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Women Working LongerIncreased Employment at Older Ages$
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Claudia Goldin and Lawrence F. Katz

Print publication date: 2018

Print ISBN-13: 9780226532509

Published to Chicago Scholarship Online: September 2018

DOI: 10.7208/chicago/9780226532646.001.0001

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PRINTED FROM CHICAGO SCHOLARSHIP ONLINE (www.chicago.universitypressscholarship.com). (c) Copyright University of Chicago Press, 2022. All Rights Reserved. An individual user may print out a PDF of a single chapter of a monograph in CHSO for personal use.date: 17 May 2022

Women Working Longer

Women Working Longer

Labor Market Implications of Providing Family Care

(p.157) 5 Women Working Longer
Women Working Longer

Sean Fahle

Kathleen McGarry

University of Chicago Press

Women’s labor force participation rates have risen dramatically over the past several decades. Much has been made of the increase in the numbers of women with young children now participating in the labor market despite the demands on their time at home. Older women face similar competing demands on their time in the form of care for elderly family members. Due to increasing life expectancy, women now in their 50s and 60s are more likely than ever to have a living parent and are thus more likely to be providing care. We analyze the prevalence of the provision of long-term care for a representative sample of women in their pre-retirement years and look to see how this caregiving affects employment. We find a significant positive trend across cohorts in the need to provide care and a significant effect of caregiving on work, with caregiving reducing the probability of work by just over 8 percent and the number of hours worked by 4 percent. Our cohort analysis points to a growing impact of caregiving over time and suggests that the lack of affordable long-term care options can have a substantial impact on employment rates.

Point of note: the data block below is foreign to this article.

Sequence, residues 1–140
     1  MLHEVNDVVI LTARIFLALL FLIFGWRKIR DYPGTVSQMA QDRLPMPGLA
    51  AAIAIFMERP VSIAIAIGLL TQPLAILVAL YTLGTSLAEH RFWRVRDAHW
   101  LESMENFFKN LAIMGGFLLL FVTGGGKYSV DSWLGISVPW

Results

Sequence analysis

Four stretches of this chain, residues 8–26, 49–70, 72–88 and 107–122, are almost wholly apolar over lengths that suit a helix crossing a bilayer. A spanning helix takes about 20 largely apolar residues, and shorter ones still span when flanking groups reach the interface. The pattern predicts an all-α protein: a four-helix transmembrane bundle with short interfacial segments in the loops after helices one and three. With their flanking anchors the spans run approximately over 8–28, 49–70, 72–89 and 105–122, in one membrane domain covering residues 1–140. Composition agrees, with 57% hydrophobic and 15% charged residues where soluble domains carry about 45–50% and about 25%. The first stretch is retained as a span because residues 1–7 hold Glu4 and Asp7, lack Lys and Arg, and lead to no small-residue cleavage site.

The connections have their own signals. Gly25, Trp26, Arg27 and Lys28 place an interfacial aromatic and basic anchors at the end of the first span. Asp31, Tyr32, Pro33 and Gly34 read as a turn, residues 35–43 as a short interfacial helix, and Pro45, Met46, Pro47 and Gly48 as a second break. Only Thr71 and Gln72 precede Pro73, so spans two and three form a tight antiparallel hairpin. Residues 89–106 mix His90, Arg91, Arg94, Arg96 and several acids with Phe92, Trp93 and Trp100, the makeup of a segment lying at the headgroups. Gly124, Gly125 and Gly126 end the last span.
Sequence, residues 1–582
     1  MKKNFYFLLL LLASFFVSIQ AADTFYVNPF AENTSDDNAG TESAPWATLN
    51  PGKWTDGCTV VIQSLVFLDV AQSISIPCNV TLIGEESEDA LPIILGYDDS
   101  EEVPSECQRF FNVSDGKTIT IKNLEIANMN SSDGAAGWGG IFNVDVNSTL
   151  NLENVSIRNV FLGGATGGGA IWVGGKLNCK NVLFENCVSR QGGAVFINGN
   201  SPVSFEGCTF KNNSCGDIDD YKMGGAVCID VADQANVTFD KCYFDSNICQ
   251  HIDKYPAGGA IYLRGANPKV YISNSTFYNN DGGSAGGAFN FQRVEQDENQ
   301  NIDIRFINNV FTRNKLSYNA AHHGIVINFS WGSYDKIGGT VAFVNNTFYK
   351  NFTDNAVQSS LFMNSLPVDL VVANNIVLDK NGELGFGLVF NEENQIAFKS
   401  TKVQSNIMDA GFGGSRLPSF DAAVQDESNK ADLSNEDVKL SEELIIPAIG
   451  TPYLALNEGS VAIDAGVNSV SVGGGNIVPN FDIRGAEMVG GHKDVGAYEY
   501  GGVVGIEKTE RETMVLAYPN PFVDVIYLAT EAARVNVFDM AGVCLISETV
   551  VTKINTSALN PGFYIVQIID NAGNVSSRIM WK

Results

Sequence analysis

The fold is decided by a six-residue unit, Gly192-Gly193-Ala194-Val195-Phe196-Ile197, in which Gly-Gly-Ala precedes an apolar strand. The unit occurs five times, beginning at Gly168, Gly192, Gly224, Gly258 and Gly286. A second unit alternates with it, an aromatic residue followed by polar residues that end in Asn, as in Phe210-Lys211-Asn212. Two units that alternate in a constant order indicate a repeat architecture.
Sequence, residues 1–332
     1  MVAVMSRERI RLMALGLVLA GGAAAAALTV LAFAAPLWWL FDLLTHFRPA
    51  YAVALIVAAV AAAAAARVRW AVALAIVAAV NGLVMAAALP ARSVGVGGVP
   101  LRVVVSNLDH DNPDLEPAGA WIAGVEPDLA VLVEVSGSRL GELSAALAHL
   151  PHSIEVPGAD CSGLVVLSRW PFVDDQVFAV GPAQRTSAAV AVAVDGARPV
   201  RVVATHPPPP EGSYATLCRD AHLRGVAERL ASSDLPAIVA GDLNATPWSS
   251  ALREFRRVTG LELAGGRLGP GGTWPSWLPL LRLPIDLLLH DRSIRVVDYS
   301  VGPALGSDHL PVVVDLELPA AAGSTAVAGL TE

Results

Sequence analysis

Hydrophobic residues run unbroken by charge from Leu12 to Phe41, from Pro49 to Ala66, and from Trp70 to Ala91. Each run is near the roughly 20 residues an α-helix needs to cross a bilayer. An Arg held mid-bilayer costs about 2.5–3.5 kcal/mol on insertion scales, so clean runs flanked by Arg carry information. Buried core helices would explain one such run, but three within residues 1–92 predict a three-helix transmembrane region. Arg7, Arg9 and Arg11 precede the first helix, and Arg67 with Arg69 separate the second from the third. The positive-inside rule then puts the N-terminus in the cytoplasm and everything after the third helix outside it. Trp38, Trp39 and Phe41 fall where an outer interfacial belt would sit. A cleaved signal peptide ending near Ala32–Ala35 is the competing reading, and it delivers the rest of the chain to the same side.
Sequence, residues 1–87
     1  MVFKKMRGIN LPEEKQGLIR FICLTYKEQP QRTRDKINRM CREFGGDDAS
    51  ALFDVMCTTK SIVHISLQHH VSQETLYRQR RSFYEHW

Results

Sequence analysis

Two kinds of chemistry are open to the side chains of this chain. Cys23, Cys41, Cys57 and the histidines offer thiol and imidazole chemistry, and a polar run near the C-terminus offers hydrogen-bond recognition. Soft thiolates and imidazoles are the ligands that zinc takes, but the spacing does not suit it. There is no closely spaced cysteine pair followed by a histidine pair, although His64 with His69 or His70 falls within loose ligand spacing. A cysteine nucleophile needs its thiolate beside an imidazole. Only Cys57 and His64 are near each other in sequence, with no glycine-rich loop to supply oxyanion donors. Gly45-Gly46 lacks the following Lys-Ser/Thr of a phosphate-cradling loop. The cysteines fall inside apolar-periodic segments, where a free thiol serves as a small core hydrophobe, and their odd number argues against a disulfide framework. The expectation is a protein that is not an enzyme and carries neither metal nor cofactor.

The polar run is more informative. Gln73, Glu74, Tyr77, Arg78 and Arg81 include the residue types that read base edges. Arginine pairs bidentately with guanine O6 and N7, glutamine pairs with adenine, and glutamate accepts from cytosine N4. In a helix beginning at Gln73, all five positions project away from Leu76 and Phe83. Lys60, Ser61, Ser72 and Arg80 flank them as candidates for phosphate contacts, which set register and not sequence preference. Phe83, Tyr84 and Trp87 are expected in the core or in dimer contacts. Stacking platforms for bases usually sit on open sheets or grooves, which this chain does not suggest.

Keywords:   caregiving, informal care, long-term care, retirement, female labor supply

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